A Digital Patient-Led Hospital Checklist for Enhancing Safety in Cataract Surgery: Qualitative Study

Aline C. Stolk-Vos (Corresponding Author), Jolet J.E. van der Steen, Constance H.C. Drossaert, Annemarie Braakman-Jansen, Bart LM Zijlmans, Leonieke W Kranenburg, Dirk F. De Korne

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Abstract

Background: Surgery holds high risk for iatrogenic patient harm. Correct and sufficient communication and information during the surgical process is a root solution for preventing patient harm. Information technology may substantially contribute to engaging patients in this process.

Objective: To explore the feasibility of a digital patient-led checklist for cataract surgery, we evaluated the experiences of patients and nurses who have used this novel tool with a focus on use, appreciation, and impact.

Methods: A multidisciplinary team, including cataract surgeons, nurses, pharmacists and administrative representatives developed a 19-item digital patient-led checklist for cataract patients who underwent surgery in an ambulatory setting. This “EYEpad” checklist was distributed to patients and their companions during their hospital visit via an application on a tablet. It contained necessary information the patient should have received before or during the surgical preparation (8 items), before anesthesia (2 items), and before discharge (9 items). Patients and their companions were invited to actively indicate the information they received, or information discussed with them, by ticking on the EYEpad. Our qualitative research design included semi-structured individual interviews with 17 patients and a focus group involving 6 nurses. The transcripts were analyzed by 2 independent coders using both deductive and inductive coding.

Results: All but one of the 17 patients used the EYEpad, occasionally assisted by his or her companion (usually the partner). In several cases, the checklist was completed by the companion. Most patients felt positively about the usability of the EYEpad. Yet, for most of the patients, it was not clear why they received the checklist. Only 4 of them indicated that they understood that the EYEpad was used to determine if there were sufficient and correct information discussed or checked by the nurses. Although most nurses agreed the EYEpad was easy to use and could be a useful tool for improving patient engagement for improving safety, they felt that not all elderly patients were willing or capable of using it and it interfered with the existing surgical process. They also anticipated the need to spend more time explaining the purpose and use of the EYEpad.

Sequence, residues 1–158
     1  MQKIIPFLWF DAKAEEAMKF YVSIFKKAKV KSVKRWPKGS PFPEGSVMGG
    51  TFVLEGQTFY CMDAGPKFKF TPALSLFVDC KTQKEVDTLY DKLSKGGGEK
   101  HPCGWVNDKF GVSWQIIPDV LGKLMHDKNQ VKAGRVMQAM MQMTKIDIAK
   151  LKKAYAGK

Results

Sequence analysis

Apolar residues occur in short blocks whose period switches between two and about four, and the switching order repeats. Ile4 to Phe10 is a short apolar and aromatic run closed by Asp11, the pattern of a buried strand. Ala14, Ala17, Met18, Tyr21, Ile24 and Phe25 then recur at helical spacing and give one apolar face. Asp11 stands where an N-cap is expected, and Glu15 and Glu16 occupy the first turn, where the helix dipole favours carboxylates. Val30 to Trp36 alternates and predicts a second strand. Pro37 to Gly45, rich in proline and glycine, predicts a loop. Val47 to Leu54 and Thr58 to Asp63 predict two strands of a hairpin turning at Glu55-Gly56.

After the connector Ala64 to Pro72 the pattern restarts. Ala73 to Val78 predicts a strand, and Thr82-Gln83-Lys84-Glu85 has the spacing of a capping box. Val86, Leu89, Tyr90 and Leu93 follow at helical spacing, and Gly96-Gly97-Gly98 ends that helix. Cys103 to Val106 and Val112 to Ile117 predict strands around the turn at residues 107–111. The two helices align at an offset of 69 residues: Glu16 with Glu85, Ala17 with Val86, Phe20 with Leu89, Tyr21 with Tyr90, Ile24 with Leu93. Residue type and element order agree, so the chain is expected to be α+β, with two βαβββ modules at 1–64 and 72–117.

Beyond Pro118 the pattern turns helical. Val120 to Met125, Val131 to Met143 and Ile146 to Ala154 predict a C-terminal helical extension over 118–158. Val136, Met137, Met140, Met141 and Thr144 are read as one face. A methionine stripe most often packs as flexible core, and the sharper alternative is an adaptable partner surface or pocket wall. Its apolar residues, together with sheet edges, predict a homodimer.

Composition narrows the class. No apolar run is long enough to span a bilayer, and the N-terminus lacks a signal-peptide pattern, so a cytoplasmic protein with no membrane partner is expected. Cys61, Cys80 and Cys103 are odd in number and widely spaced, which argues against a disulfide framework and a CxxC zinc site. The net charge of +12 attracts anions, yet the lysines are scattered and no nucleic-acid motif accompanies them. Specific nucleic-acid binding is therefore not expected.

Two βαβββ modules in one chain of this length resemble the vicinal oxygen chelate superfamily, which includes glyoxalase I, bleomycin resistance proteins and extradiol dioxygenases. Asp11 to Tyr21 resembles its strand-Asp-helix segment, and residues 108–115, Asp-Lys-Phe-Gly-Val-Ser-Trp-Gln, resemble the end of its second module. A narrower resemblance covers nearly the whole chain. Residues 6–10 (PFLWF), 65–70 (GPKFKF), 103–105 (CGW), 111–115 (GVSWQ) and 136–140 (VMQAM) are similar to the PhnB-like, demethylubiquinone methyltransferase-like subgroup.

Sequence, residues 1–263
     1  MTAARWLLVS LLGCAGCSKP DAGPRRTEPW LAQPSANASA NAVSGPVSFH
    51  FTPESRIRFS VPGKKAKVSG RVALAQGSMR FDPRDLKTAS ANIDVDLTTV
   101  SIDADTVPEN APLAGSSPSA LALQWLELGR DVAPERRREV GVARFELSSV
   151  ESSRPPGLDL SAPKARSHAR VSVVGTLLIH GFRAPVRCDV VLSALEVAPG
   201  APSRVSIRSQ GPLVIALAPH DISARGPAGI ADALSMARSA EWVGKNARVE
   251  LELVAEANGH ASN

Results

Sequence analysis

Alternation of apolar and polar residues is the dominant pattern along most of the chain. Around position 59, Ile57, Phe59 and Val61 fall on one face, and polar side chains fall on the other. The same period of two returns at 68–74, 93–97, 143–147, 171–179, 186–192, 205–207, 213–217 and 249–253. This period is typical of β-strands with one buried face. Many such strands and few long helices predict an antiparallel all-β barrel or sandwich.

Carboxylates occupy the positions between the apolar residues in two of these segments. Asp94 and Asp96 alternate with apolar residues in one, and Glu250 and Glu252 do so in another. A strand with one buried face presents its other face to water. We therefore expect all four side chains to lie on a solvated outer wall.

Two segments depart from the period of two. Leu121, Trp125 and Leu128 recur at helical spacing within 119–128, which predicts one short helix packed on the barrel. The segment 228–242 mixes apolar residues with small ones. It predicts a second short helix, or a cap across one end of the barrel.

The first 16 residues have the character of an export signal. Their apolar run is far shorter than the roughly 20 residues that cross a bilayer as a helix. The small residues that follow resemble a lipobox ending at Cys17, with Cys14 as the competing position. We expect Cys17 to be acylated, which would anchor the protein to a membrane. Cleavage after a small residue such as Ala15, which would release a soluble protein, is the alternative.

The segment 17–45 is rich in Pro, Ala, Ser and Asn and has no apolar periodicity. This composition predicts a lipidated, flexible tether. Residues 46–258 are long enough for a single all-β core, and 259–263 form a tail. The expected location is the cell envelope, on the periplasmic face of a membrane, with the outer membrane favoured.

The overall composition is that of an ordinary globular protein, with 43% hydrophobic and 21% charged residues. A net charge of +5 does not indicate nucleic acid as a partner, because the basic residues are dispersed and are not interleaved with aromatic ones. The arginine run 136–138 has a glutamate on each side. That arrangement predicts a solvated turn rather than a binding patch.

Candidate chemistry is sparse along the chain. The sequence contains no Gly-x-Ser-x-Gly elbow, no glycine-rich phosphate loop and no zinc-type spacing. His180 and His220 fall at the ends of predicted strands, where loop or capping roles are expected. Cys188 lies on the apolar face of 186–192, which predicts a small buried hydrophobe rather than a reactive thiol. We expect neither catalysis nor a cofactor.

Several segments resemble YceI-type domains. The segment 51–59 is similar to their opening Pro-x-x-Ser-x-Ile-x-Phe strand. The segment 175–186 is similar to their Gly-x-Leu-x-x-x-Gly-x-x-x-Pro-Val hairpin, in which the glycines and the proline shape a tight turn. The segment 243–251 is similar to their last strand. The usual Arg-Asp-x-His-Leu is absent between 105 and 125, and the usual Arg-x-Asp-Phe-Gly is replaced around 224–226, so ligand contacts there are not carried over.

Conclusions: Our results showed that a digital patient-led checklist is a potentially valid way to increase patient participation in safety improvement efforts, even among elderly patients. It also illustrates the crucial role nurses play in the implementation and diffusion of technological innovations. Increased patient participation will only improve safety when both healthcare workers and patients feel empowered to share responsibility and balance their power.
Original languageEnglish
Article numbere3
JournalJMIR Perioperative Medicine
Volume1
Issue number2
Publication statusPublished - 16 Jul 2018

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Checklist
Cataract
Safety
Patient Participation
Nurses
Patient Harm
Diffusion of Innovation
Inventions
Nurse's Role
Qualitative Research
Focus Groups
Ambulatory Surgical Procedures
Pharmacists
Tablets

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Stolk-Vos, A. C., van der Steen, J. J. E., Drossaert, C. H. C., Braakman-Jansen, A., Zijlmans, B. LM., Kranenburg, L. W., & De Korne, D. F. (2018). A Digital Patient-Led Hospital Checklist for Enhancing Safety in Cataract Surgery: Qualitative Study. JMIR Perioperative Medicine, 1(2), [e3].
Stolk-Vos, Aline C. ; van der Steen, Jolet J.E. ; Drossaert, Constance H.C. ; Braakman-Jansen, Annemarie ; Zijlmans, Bart LM ; Kranenburg, Leonieke W ; De Korne, Dirk F. / A Digital Patient-Led Hospital Checklist for Enhancing Safety in Cataract Surgery : Qualitative Study. In: JMIR Perioperative Medicine. 2018 ; Vol. 1, No. 2.
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title = "A Digital Patient-Led Hospital Checklist for Enhancing Safety in Cataract Surgery: Qualitative Study",